Who could have guessed? Unilaterally banning a product that millions of adults use isn’t exactly an easy task.
As The Washington Post reported Thursday, the Trump administration appears to be second-guessing the details of its proposal to ban flavored vaping products. The final rule was expected to have been made public in the last few days, given that the White House had signed off on the policy more than a week ago. Meanwhile, a handful of top Trump officials and even President Donald Trump’s campaign manager, Brad Parscale, have made comments suggesting a more sympathetic tone toward the vaping industry and its politically engaged consumers.
The president’s critics have lamented this as another example of the administration giving in to big business. But even if they’re right, there is another more important reason for the proposed ban to not move forward: There’s little justification for it.
It’s true that an alarming spate of vaping-related lung injuries provided a catalyst for the proposed ban. The more than 2,000 cases and 42 deaths have convinced some public health officials to declare vaping wholly unsafe while states and cities across the country moved to restrict vaping products.
Last week, however, officials at the Centers for Disease Control and Prevention identified a chemical — vitamin E acetate — as the primary culprit for the outbreak. Often used as a cutting agent in black-market marijuana products, vitamin E acetate typically isn’t dangerous to humans. But when heated and inhaled, it can cause damage to the lungs, making vaping liquids that contain marijuana treated with the oil potentially deadly.
The crisis deserves nationwide awareness and outrage. But the truth matters, too: This chemical is not inherent to vaping or flavored products. The government should be cracking down on such illicit products, and smart lawmakers should use this moment to craft and advance legislation that would finally allow the federal government to regulate the marijuana market. But it makes no sense to force flavored vaping juices into the same unregulated markets that produced the lung-disease outbreak in the first place.
This distinction is important considering e-cigarettes’ potential benefits. The products — including their flavored varieties — have been shown relatively effective in helping people quit traditional smoking, which is far more dangerous than vaping. It would be a shame to throw up obstacles in front of this harm-reduction effort, especially if the main motivation for those obstacles was overhyped.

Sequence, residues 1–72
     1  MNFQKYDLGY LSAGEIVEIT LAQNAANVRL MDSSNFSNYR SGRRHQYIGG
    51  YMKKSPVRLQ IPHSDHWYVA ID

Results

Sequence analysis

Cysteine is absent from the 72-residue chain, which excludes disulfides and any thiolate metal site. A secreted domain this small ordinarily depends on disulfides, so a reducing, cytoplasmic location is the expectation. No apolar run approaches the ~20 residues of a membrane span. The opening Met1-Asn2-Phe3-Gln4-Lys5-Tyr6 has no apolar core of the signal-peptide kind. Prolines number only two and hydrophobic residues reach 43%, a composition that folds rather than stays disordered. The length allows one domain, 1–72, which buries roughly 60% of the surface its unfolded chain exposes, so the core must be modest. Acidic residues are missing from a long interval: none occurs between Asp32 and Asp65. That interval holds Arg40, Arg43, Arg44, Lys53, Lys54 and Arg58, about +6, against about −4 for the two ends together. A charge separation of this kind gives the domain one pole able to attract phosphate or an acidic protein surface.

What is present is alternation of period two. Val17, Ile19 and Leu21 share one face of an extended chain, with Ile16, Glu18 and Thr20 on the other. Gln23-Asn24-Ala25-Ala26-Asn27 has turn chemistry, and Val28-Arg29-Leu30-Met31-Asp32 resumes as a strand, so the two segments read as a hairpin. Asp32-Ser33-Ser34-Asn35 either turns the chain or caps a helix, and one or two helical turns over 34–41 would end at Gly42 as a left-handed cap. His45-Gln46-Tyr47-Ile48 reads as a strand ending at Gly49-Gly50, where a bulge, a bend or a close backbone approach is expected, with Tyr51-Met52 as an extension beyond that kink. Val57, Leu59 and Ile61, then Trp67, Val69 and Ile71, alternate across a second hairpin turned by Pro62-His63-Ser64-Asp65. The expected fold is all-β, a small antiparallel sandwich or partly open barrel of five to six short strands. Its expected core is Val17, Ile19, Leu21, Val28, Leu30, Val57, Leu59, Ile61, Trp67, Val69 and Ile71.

Of course, the outbreak of lung injuries isn’t the only reason why many public health officials support the administration’s proposed ban. The fruity and dessert flavors of vape juices have attracted millions of teenagers, sparking fear that young vapers will become addicted to nicotine and switch to more dangerous, traditional cigarettes. True to this point, survey data shows that teens who use e-cigarettes are more likely to start smoking.
But gateway effects are notoriously hard to prove. Just because someone vapes and then starts to smoke doesn’t necessarily mean that one led to the other. In fact, a study published earlier this month, which examined the habits of more than 12,000 middle school and high school students, found that after controlling for other factors, such as whether they drink alcohol or have smokers in their family, vaping doesn’t increase the chance of teens starting to smoke. This is backed up by the fact that we haven’t yet seen any increase in traditional smoking among teens.
This study should, by no means, be the final word on the issue. But that’s just the point: We’re far from resolving the big scientific questions about the long-term use of e-cigarettes.
That kind of uncertainty is a regular feature in the debate on e-cigarettes. One study might argue that e-cigarettes are linked to lung cancer, but if you peer deeper into the analysis, the effect is shown only among mice. Another might suggest that the products increase the risk of heart disease, but the sample size is small and the effect is still nowhere near conclusive.
Frustrated? Welcome to the world of science. Rarely does evidence paint a clear enough picture to justify banging on the table and demanding policy changes. Far less does it justify one-size-fits-all policies such as Trump’s proposed ban.
We should be doing everything we can to keep vaping products away from kids and discouraging their recreational use, given all that we don’t know about them. But we should also be careful to not undo the potential good these products could offer those trying to give up traditional cigarettes.
That’s not a hard nuance to understand. And if Trump officials come closer to that conclusion, even for the wrong reasons, we should take it as a victory for common sense and science.